Even by the standards of
the world’s richest man and serial entrepreneur, this week was one for the ages.
He also stirred up a political brouhaha when he suggested that Crimea, an area previously part of Ukraine that Moscow annexed in 2014, rightfully is part of Russia. Mr. Musk’s Starlink satellite-based internet service has been used by Ukraine to battle invading Russian troops, at one point making Mr. Musk something of a hero in the beleaguered country. But the Crimea comment drew pushback from Kyiv, including Ukraine’s President
Perhaps the most dramatic moment, though, came on Monday, when Mr. Musk notified
that he planned to go forward with the $44 billion takeover of the business almost three months after trying to abandon the transaction. The surprise about-face came days before Mr. Musk was due to be deposed ahead of an Oct. 17 trial in Delaware Chancery Court, where Twitter had sued to force Mr. Musk to see through the transaction that he tried to walk away from in July.
Behind the scenes, the two parties already had been in talks about closing the deal, first agreed to in April, at cheaper terms, but those discussions went nowhere, The Wall Street Journal reported, citing people familiar with the matter.
Mr. Musk, after his U-turn, tweeted Tuesday that buying Twitter would be “an accelerant to creating X, the everything app.”
What followed were more arguments between the parties, which have been at odds for months. Mr. Musk, in Monday’s letter, had said he would move forward with buying Twitter pending receipt of the proceeds of debt financing, and if the court stayed proceedings. Twitter, in a court filing made public Thursday, pushed back.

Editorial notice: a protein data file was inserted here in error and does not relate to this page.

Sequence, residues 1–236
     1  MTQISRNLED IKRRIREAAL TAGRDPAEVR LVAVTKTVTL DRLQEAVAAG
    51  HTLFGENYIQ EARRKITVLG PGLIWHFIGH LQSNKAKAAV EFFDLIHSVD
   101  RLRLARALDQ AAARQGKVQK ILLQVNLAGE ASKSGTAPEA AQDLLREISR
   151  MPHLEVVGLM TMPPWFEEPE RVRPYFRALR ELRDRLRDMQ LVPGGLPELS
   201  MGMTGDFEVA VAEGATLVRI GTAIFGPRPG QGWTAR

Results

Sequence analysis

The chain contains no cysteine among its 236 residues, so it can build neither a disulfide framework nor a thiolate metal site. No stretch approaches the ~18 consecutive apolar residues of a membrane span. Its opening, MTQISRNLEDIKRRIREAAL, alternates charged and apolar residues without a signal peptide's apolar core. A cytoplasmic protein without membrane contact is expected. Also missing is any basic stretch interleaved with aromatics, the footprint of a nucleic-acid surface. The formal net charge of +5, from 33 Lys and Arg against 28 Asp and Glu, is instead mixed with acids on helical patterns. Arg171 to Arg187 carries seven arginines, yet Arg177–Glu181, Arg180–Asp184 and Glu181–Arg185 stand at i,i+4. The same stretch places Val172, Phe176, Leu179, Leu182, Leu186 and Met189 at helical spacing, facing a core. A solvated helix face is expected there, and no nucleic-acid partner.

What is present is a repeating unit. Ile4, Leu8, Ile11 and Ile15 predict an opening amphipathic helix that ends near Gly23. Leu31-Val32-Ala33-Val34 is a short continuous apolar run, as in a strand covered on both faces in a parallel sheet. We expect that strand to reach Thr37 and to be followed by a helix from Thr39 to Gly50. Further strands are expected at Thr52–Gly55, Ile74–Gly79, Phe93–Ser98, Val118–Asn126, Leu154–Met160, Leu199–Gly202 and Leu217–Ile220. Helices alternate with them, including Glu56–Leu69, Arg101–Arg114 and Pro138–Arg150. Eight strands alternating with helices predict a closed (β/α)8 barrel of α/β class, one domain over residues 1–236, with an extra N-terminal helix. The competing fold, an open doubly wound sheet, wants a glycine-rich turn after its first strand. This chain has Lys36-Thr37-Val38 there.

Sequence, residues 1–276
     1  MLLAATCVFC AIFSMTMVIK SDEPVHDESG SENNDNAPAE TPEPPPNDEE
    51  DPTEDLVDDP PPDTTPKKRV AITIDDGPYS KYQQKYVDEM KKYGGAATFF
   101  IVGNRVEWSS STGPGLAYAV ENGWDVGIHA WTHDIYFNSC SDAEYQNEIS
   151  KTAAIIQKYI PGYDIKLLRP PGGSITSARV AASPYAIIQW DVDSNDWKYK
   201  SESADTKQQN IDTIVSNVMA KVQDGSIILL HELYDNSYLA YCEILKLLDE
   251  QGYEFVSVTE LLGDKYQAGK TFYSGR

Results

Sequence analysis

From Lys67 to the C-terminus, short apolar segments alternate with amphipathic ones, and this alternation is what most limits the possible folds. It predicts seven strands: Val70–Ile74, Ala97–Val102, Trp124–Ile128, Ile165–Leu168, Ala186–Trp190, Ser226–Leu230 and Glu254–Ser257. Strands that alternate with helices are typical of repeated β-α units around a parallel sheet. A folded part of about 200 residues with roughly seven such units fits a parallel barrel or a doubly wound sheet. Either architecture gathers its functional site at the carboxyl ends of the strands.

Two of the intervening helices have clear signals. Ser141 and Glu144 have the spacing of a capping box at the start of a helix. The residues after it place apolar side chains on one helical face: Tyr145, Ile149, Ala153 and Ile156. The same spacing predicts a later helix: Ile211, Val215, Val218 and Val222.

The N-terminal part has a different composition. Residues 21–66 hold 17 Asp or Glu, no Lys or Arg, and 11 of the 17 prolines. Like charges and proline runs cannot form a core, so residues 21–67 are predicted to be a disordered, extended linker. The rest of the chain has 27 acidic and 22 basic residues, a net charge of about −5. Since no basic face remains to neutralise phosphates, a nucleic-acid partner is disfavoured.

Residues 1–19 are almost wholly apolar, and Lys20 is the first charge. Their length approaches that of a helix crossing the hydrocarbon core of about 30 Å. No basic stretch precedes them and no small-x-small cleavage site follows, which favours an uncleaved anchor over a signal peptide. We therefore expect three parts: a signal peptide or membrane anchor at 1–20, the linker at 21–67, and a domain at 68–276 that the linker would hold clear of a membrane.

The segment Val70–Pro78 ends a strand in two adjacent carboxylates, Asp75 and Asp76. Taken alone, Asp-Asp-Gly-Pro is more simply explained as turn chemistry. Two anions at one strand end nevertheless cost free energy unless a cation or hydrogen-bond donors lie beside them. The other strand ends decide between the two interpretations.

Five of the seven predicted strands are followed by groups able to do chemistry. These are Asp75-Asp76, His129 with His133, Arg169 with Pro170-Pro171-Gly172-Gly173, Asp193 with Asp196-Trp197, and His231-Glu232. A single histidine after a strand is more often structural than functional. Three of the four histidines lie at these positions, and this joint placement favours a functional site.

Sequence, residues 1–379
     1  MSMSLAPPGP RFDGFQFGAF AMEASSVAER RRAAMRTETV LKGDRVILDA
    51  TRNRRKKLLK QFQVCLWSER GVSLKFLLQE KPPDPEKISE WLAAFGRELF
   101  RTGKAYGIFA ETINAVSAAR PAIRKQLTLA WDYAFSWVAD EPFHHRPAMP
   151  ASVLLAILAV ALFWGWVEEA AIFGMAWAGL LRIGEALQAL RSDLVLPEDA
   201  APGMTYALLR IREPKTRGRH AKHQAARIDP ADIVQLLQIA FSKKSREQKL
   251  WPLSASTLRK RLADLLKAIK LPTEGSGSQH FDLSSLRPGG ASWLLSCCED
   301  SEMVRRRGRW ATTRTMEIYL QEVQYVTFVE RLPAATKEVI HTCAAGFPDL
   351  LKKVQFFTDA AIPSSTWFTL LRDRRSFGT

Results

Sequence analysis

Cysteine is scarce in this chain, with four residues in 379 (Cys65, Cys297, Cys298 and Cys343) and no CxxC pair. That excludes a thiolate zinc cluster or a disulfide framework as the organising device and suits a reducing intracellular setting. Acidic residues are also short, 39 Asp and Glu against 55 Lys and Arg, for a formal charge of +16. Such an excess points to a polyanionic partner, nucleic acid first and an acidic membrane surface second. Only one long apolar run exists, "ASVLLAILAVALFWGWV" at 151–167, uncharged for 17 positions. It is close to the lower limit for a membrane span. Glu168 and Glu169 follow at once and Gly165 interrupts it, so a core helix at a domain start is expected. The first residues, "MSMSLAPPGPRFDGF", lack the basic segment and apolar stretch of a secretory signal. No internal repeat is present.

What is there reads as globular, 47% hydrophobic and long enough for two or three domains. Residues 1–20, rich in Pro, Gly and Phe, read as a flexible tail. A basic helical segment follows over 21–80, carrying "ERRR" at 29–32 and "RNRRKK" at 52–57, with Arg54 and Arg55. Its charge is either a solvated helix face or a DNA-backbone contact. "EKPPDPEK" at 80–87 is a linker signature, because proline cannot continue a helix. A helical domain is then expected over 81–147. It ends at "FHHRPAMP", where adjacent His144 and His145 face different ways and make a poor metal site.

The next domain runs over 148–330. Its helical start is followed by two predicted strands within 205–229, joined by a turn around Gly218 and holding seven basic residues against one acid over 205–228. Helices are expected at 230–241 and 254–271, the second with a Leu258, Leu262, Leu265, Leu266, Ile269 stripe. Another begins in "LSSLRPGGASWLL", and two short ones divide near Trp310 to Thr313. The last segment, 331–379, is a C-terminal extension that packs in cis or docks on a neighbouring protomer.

“Defendants can and should close next week,” Twitter said. “Until they do, this action is not moot and should be brought to trial.” Mr. Musk countered in his own filing that “Twitter will not take yes for an answer.”
The presiding judge, Chancellor Kathaleen McCormick, on Thursday ruled in favor of Mr. Musk. She gave both parties until Oct. 28 to get the deal done, though also said that should a deal not be reached by then, she would quickly schedule the trial for November.
All the while, Tesla’s shares were falling and ended the week down 15.9%—the worst since the week ending March 20, 2020 and the fourth worst week on record for the stock. The selloff was spurred by third-quarter vehicle deliveries that fell short of what analysts surveyed by FactSet had expected. Some analysts also have said that falling wait times for some Tesla models could signal softening demand. Mr. Musk, the Tesla chief executive, has previously said the business is constrained by production, not demand.
Amid the back-and-forth over the Twitter deal, Mr. Musk also took to the social-media platform to announce that Tesla would deliver its first all-electric semitrailer truck to food and beverage maker
Things were similarly hectic at SpaceX, the privately held rocket and satellite company where Mr. Musk also is CEO. On Wednesday, one of SpaceX’s rockets transported two American astronauts, one from Japan, and a Russian cosmonaut to the ISS. The same day another of his rockets blasted 52 satellites into orbit for the company’s Starlink service.
Space Exploration Technologies Corp., as SpaceX is formally known, has become the world’s busiest launch provider and Mr. Musk has said he wants the pace to increase.
The business isn’t without its challenges. Mr. Musk on Oct. 4 said that Starlink “is still far from cash flow positive,” adding that rival communications constellations had gone bankrupt.
With all that going on, Mr. Musk turned to Twitter as the weekend approached, to reflect: “Very intense 7 days indeed.”
Write to Sarah E. Needleman at [email protected]
Copyright ©2022 Dow Jones & Company, Inc. All Rights Reserved. 87990cbe856818d5eddac44c7b1cdeb8